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Prizefight: Sony PS4 vs. Microsoft Xbox One

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Prizefight: Sony PS4 vs. Microsoft Xbox One

9:45 /

It's a throwdown for next-gen gaming supremacy. Sony's PlayStation 4 takes on Microsoft's Xbox One for the first of many battles in the gaming console wars. Who reigns supreme?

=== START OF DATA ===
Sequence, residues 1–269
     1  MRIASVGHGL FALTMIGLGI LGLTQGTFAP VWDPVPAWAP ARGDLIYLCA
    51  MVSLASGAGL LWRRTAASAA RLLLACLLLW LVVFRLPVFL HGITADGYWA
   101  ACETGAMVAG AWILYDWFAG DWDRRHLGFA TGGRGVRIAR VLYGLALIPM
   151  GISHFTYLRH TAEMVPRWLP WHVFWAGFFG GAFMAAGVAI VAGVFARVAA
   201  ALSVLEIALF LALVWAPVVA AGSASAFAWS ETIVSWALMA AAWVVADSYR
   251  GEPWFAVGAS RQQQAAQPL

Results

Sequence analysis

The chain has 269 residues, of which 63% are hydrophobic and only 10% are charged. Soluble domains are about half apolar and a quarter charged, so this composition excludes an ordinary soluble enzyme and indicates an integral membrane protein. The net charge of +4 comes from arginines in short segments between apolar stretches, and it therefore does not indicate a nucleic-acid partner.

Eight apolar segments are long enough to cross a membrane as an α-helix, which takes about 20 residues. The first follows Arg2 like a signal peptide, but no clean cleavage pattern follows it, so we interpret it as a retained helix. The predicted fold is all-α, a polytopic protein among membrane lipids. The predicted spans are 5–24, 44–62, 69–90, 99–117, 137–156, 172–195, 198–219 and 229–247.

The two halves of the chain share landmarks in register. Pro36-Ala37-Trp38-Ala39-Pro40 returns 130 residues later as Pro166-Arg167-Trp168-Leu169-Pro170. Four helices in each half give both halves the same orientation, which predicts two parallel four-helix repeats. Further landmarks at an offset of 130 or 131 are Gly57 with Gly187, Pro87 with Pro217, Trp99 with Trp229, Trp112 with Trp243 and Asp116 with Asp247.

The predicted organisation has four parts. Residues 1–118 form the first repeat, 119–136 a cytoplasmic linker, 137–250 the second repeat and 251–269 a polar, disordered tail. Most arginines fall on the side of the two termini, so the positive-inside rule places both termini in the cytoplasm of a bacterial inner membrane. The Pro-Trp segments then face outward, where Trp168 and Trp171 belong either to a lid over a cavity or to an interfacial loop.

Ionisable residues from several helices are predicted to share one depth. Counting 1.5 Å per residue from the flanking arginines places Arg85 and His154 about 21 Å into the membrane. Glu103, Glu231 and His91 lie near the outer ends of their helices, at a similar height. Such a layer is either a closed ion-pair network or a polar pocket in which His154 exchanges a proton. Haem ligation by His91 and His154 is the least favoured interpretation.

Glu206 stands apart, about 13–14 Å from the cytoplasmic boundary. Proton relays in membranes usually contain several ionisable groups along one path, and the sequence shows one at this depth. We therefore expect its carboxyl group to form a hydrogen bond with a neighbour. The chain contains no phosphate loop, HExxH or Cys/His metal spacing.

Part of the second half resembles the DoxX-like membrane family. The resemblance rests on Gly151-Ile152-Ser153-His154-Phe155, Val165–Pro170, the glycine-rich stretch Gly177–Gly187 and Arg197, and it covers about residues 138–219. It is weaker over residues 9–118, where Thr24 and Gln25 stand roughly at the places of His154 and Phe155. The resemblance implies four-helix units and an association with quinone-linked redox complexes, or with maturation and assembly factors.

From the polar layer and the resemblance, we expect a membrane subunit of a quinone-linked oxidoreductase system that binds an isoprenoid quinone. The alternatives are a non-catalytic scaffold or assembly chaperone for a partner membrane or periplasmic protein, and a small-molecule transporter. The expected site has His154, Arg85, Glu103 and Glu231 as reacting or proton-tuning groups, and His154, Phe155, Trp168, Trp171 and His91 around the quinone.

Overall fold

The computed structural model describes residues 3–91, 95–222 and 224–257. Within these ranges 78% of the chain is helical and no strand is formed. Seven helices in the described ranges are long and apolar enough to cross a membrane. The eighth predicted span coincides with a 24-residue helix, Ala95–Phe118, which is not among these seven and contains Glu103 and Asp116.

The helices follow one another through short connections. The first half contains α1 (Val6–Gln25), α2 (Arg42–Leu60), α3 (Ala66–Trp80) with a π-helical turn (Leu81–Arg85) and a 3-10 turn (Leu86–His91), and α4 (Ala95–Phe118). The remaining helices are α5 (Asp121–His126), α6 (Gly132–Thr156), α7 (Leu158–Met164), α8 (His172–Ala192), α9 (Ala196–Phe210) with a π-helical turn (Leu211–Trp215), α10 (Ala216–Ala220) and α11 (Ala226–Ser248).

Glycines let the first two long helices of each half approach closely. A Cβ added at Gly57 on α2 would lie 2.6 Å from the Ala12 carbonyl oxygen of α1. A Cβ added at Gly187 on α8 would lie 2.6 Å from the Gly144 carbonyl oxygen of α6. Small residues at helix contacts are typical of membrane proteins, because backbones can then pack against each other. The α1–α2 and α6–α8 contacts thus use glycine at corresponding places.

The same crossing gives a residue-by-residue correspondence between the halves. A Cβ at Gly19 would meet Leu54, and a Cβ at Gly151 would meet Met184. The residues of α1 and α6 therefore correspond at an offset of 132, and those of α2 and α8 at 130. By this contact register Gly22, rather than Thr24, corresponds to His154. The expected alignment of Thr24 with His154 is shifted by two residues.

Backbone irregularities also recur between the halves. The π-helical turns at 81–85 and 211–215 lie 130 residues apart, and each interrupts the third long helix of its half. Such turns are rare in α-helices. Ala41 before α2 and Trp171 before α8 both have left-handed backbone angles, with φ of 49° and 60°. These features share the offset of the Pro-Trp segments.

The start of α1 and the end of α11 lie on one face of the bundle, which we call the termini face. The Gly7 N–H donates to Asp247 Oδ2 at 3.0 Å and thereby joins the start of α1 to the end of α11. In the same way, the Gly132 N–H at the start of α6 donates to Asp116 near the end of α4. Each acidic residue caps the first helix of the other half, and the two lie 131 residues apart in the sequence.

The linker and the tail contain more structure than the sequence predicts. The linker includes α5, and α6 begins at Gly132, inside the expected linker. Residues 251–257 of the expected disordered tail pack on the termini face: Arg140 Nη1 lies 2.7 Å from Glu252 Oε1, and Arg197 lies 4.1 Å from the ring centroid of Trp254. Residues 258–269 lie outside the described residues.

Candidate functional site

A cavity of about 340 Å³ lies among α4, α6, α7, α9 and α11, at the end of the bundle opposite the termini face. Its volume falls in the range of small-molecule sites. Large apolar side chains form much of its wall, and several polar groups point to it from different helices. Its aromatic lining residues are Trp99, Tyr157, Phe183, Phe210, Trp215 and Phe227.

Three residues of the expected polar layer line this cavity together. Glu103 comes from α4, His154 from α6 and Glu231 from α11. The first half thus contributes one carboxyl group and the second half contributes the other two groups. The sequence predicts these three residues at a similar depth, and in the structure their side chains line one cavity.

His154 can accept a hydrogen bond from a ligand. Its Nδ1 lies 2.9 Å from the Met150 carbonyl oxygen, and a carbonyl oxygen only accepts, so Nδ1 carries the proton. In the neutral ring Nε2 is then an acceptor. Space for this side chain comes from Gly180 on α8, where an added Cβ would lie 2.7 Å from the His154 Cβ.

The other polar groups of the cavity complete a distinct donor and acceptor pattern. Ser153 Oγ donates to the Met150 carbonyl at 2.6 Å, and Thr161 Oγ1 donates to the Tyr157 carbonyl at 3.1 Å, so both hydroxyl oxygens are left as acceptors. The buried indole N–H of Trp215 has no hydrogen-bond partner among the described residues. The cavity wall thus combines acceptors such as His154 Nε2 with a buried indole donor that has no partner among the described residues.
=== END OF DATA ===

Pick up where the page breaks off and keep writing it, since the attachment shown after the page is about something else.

What's up Prizefight fans? I'm Brian Tong and the next generation for video games is here to stay. It's a throwdown showdown for game console supremacy between Sony's Playstation 4 and Microsoft's Xbox One. Now, we're bringing out the A-team for this one. Our judges for this fight are CNET senior editor, Scott "The Bottomline" Stein, senior editor, Dan "The Man" Ackerman, senior associate editor, Jeff "The Backstreet Boy" Bakalar, and you know who, Riley Ding Tong. We'll take all four judges' scores and average them out to the nearest ten. The final Prizefight score will be an average of all rounds using the same decimal system. This is just the first battle of many so let's get it on round one is design. Both consoles get a completely new re-design for the next gen with piano black and matte black finishes, but that's where the similarities end. Sony's PS4 brings a sleek and edgy design that can lay flat or stand vertically with a sleek LED on inside. It's almost half the size of the Xbox One and there is no power supply. Now Microsoft's Xbox One takes a step back with the design that's too big and too square. It's just bulky and let's not forget you also have its massive power supply. The good thing is probably one of the quietest consoles ever, but adding an even bigger Kinect sensor and this system is anything but sleek. Sony brings one of the best console controllers we've ever felt with a tight design that just feels right and we can't wait to see how the clickable touchpad will be taken advantage of in feature. Microsoft's Xbox One controller is still bulkier. Its analog sticks do feel tighter. It's a solid controller and the most noticeable improvement is the vibration feedback in the triggers that really doesn't hands gameplay. Sony strikes first with a 4.5 and Microsoft gets a 3. Round two is navigation and interface. The PS4 recalls the single bar interface from the PS3. It's simple and clean to use, but it feels even more stripped down than ever before. Now, the Xbox One's interface takes a cue with the Windows 8 look and feel. It's pretty straightforward on the surface, but we'll have to go on extra layer deep to pin favored apps and there are redundant lengths to the different storefronts with too much promotional material right now. It also brings voice control with the Kinect to navigate through the interface and even real multitasking with its snap feature. -Xbox snap. -But talking to your Xbox can be hit or miss. There's times where is definitely better looking than the PS4s, but you'll have to dig a lot deeper to find some of the settings we're used to. The PS4 takes another round with a 3.8 and the Xbox One gets a 3. So after averaging two rounds, Sony has a pretty chunky lead. Round three is hardware. This round is all about the hardware features that set these two consoles apart and if you've heard about the GPU and memory architecture benchmarks, [unk] have hinted that the PS4 has more power, but we don't see any of those advantages right now and it always comes down on how developers take advantage of the platforms. Now the Xbox One comes with the Kinect that helps you navigate the interface that take Skype calls and it's really a key part of the experience that feels like you're in the future when it works. Now the PS4's camera is optional. It has some basic commands. It does come in real handy if you're into Twitch streaming. But let's be real, it's optional for a reason. The Xbox One also brings HDMI pass through, which is a first on a gaming console and makes this more than just a gaming machine just switch between TV viewing and gaming. Both bring Blu-ray players. But the PS4 supports 3D Blu-rays out of the box and the Xbox One doesn't just yet. The PS4 is a console that stays true to its gaming roots, but doesn't really bring any significantly groundbreaking hardware features so the Xbox One takes this round with a 4.3 and the PS4 gets a 3. Next round is game library. When new consoles launched it tends to be pretty slim pickings and this is no different. You have the same third-party titles on both consoles like Call of Duty: Ghosts and Assassin's Creed: Black Flag for all you fans of Pirates and the Open Water. But you're not going to see any major differences between the two even from the current gen consoles at times. Now, Sony brings really two first-party titles with Killzone: Shadow Fall that looks gorgeous, but doesn't really do anything more than that and a quirky game called Knack plus a few downloadable indie titles like Resogun, but there's really nothing that stands out here and says "Buy me." Now, Microsoft brings better launch titles overall like Dead Rising 3 for zombie fans. Forza Motorsport 5, which for the record is really hard to save to the Kinect. Ryse: Son of Rome looks and sounds great and there's downloadable titles like Killer Instinct that at least gives you a chance to show off your system, but again there are no killer titles here. In fact, if you wanna show people that potential of next gen consoles, just take a look at NBA 2K14 on both of them and as Wazzup. Now neither system pulls away here, but Microsoft brings a slightly better batch of titles, and we know this is going to change in the next six months and years to come, but on launch Microsoft takes this round with a 3 and Sony gets a 2.3. So after averaging four rounds, the Xbox One only trails by one tenth of a point. Round five is software features and online services. Each console has their own yearly membership service to access online gaming. Sony has Playstation Plus that also gives access to free games for $50 a year and Microsoft's Xbox LIVE Gold service cost $60 for a year. Now one difference is that there are a variety of video streaming apps like Netflix, Amazon Prime and Vudu on both consoles, but you'll need that yearly online service on the Xbox One to use them. On the PS4, you can just use them without a Playstation Plus membership. Now, both consoles have so many software features and services so we'll talk about some of the key ones. On the PS4, Twitch streaming is really the killer app here that allows other people to watch you game online with commentary and all I can say is, "Don't knock it unless you tried it." The Xbox One has the Twitch app to view content, but can't stream from it just yet. The PS4 has better social integration with deep hooks to Facebook and what type of stuff you wanna share if you're into sharing your gaming trophies and don't want to attract girls. And the PS4 also brings remote play that finally makes the PS Vita useful and allows you to play your game from a different room on the same network with your Vita. Now the centerpiece software feature on the Xbox One is the ability to connect your cable signal through it and interact with it directly through the Xbox interface. It will sync with most cable guides and you can use your controller or voice commands to navigate through it. It's really special when it works, but there were many times where it couldn't understand some TV stations and commands by voice. It's really an Xbox layer on top of your cable box because you'll have no DVR access right now so you're back to using your same cable remote in those situations. This could be a killer feature, but it still needs a lot more polish. You can Skype and the camera tracks you during the video conversation, which is really cool. Microsoft's Smartglass app on iOS and Android allows you to interact and deliver additional screen content while watching certain videos and playing games and, yes, the PS4 has its own app, but it's not nearly on the same level. Both consoles can record and edit clips that you show with friends, but the Xbox One just isn't as hooked in the social networks compared to the PS4 right now. Overall, we're giving the PS4 the edge here with a 3.5 and the Xbox One gets a 3. The final round that decides it all is value. Sony's PS4 system is $399 and Microsoft's Xbox One is $499. And for your information, both include the HDMI cables. Now the reality is that if you care about online gaming, you're also going to shell out an extra 50 to 60 bucks. With the Xbox One, it's more expensive but you're paying for the potential of the new Kinect camera and the HDMI pass-through and investing in them for the future. With the PS4, you're getting the system that's dedicated to gaming and isn't worried about taking over your living room. Now it really depends on what's more valuable to you and it's probably even too early in the game to tell. Our judges are calling this a tie at 3.5 points apiece. So, let's average out all six rounds. And after a back and forth battle where the PS4 jumped ahead early, but the Xbox One fought right back, it's the PS4 that holds on to take this first match of many just edging out the Xbox One 3.4 to 3.3 and is your Prizefight winner. The next generation for gaming is here, but if you ask any of our judges, they probably say that neither console is a must buy right at this moment. Now if you had to push me, I'd probably lean towards the Xbox One because it has more promise to be more than a gaming console, but then the hard core gamer and me says PS4. This isn't an easy decision and won't be the last time we face these consoles against each other and it's really a battle that will be decided in the next three to five years, but the ultimate decision always comes down to you. I'm Brian Tong, thanks for watching and we'll catch you guys next time for another Prizefight.